📝 Notes for the Curious: Edition #68

Hello,

November already? How did we make it here so fast? We are in the final weeks of the year and what a year it has been. Have you taken the time to reflect on everything that has happened to you and for you this year. If you haven’t, I would strongly recommend grabbing your diary right now and finding a time when you can do that.

At the beginning of this year, exhausted from 2017 and having just navigated a loss in our family. I sat down with my calendar and intentionally blocked off December 2018. Then I planned my financial forecasting to close my year at the end of November. Blocking this time felt more tangible than just saying “oh, I’ll take some time off in December” No. This block has big, bold capitalised letters all across my calendar to remind me every time I think of replacing it with “just another small piece of work” or “squeezing in another client” that there was a reason I blocked this time. Which isn’t to say that I am not working at all. My existing clients still have their time in my diary, but it is intentionally reduced, communicated in advance and I have managed to hold the rest of the space clear. that feels like a gift.

As we enter the season of gift giving. What gift will you be giving yourself now or in 2019?

And now, let’s get on with the Notes…

1) Making tough decisions

Humans are decision making machines, from the moment we wake up until the time we go to sleep we are making thousands of micro and macro decisions every. single. day. Some of them are easy, trousers or dress today? Some are harder, what to have for lunch, for example. always a personal challenge. Others speak to the very core of who we are and what we are doing in the world. Very tough. It’s no wonder so many people report feeling a degree of decision fatigue these days. For the toughest decisions, you want to really be sure that the choice you are making is as good as it can possibly be. This 10/10/10 rule has been helping me navigate tough decisions I’ve been making recently.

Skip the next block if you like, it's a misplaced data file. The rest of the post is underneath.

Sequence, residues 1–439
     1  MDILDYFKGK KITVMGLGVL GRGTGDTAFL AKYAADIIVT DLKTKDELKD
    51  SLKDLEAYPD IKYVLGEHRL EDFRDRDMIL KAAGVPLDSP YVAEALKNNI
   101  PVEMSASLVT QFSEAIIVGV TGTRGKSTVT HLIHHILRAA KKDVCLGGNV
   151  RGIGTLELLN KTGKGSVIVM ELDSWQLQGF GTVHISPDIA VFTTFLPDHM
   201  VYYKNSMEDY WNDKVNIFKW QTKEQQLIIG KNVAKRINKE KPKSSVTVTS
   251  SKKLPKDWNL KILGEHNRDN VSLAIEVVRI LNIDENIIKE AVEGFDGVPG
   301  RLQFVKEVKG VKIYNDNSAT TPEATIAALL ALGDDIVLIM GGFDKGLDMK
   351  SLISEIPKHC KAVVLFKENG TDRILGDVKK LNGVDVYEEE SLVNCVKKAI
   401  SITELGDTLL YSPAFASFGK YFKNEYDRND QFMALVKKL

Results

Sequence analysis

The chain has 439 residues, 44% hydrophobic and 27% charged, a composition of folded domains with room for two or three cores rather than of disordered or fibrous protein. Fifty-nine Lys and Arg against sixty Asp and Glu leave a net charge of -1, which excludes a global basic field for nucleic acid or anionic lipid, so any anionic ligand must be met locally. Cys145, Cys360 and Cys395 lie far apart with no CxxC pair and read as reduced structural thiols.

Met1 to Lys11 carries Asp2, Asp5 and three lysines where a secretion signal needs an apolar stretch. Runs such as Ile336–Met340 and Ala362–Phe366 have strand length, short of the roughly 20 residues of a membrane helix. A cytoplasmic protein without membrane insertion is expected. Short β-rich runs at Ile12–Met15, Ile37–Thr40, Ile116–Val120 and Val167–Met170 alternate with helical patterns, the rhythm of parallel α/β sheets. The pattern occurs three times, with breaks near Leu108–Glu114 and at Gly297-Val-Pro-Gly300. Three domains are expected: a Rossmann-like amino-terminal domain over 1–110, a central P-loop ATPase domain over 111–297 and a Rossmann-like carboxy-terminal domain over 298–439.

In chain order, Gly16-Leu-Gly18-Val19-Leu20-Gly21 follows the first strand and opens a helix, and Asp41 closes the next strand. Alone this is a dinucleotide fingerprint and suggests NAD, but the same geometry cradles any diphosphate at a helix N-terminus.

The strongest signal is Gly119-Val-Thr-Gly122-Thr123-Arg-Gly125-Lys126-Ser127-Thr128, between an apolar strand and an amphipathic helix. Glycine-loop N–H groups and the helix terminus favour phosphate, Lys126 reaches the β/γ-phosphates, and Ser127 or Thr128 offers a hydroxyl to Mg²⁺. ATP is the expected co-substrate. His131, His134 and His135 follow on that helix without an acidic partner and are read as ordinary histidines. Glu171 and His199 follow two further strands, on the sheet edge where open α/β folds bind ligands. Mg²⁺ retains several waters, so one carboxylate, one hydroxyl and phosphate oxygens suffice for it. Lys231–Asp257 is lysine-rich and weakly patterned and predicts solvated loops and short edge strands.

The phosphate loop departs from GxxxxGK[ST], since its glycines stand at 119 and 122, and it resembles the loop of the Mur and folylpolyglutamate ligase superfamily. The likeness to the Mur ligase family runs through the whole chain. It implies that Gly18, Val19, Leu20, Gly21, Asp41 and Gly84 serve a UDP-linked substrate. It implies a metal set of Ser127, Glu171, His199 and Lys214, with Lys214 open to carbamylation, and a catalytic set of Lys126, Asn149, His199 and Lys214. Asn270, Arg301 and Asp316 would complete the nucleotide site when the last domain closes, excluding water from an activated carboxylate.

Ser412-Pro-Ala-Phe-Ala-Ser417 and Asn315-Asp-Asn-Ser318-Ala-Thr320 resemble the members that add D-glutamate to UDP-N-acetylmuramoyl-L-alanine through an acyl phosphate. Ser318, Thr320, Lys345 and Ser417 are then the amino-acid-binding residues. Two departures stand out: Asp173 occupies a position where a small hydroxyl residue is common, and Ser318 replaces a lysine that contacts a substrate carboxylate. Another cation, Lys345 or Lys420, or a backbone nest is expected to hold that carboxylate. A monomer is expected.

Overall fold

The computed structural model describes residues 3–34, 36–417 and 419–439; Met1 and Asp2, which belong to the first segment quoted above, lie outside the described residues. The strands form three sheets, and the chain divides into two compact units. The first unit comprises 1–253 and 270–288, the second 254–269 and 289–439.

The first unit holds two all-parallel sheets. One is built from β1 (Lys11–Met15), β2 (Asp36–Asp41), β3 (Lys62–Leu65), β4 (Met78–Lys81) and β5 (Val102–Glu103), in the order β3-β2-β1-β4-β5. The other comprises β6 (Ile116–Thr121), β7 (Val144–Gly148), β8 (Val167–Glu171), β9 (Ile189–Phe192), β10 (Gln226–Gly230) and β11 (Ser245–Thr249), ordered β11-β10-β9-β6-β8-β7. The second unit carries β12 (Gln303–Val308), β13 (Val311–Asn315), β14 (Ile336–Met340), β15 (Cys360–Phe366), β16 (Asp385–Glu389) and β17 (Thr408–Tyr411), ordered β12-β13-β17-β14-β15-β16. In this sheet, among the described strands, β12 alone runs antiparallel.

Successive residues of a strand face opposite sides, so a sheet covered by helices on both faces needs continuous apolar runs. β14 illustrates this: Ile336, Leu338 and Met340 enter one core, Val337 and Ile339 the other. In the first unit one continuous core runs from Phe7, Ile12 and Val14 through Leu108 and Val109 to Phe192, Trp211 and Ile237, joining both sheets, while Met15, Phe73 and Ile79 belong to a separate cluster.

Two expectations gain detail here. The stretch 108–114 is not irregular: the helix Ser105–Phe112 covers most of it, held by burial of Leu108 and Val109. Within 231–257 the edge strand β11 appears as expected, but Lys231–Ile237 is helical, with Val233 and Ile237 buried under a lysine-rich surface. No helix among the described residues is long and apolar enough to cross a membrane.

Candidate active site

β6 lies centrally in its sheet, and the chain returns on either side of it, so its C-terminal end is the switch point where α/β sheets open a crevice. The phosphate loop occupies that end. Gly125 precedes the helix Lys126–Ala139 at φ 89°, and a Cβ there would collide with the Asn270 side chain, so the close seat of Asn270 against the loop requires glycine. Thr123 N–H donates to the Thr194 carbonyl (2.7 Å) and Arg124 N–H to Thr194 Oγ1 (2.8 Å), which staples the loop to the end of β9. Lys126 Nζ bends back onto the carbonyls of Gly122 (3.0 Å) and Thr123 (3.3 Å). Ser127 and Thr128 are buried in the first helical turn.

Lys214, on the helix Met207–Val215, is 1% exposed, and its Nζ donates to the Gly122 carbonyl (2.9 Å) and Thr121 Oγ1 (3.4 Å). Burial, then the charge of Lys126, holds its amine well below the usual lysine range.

2) Staying in love with what you do

Growing a business is hard, only for the lucky few do clients fall out of the sky, at the right rate (time/money) asking you to only do the work you truly love to do. For the rest of the time, you’re going to have to dig in and do the work of staying in love with your business. If you feel like you’ve fallen out of love with your business, these guides will help you navigate your next steps. Also, please know that the end of the year is often a time when people do fall out of love with their business, for many reasons, it doesn’t necessarily mean that all is lost it can also mean that it is time to re-evaluate what you want from the coming year. And if you truly, genuinely have fallen out of love with your business, it is also the right time to reflect on what happens next so the steps you take towards your next chapter are driven by knowledge and not by “anything but this”.

3) Setting clear boundaries

One of the biggest reasons my clients fall out of love with their business is their clients. Of course there are bad clients out there, but there is also bad management of your clients. Humans love boundaries, it is part of creating safety and trust. It is never too late to start deciding where your boundaries lie with your clients, and once you’ve decided then you need to make sure you a) communicate them and b) uphold them.

4) What to say when you’re called out/in

Western society is in a time of great change. We are redefining, I believe, how we want to live out the next chapter of our history. Part of that is understanding how marginalised many members of our society have felt and still feel. Unpacking that, especially if you are starting from a place of privilege is likely to create uncomfortable feelings and difficult conversations. And you’re going to need to do it anyway. Inevitably, we’re going to make mistakes. I know I have, I’ve spoken when I should have listened. I’ve caused unintentional harm by my actions and when pointed out to me, I did not always handle it gracefully. Building community means not always surrounding yourself with people who agree with you or who defer to you. That’s a good thing. It’s necessary. And when they call things to your attention that you might have overlooked or been ignorant of it can make you feel very vulnerable. Our human instinct tells us to deny and deflect “No I didn’t. What happened was…” if you can move past that knee jerk reaction and dig into the conversation, that’s where the connection happens. Here are some phrases you can use which open the conversation up, rather than shutting it down.

5) Writing a LinkedIn bio people actually want to read

After a wonderful WIT Regatta Amsterdam, my LinkedIn is filled with brilliant new connections. People who resonated with the panels I participated in or led, people who took the time to dive into conversations with me about challenging topics. It was wonderful, my LinkedIn profile though? Still not so wonderful… Never fear! It’s not to late to give your bio a little love so that people actually want to read it.

Until the next Notes,

Emmy


Who am I and who do I help? I’m Emmy McCarthy and I make small businesses better and help people create leadership in their communities.

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